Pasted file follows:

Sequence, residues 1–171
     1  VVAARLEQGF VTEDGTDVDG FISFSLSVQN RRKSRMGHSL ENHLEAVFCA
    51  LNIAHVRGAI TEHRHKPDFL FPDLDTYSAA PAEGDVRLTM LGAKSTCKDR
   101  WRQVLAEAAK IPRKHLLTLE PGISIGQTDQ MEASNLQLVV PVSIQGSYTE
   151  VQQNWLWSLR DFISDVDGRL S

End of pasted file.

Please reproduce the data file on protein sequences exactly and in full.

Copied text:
Sequence, residues 1–171
     1  VVAARLEQGF VTEDGTDVDG FISFSLSVQN RRKSRMGHSL ENHLEAVFCA
    51  LNIAHVRGAI TEHRHKPDFL FPDLDTYSAA PAEGDVRLTM LGAKSTCKDR
   101  WRQVLAEAAK IPRKHLLTLE PGISIGQTDQ MEASNLQLVV PVSIQGSYTE
   151  VQQNWLWSLR DFISDVDGRL S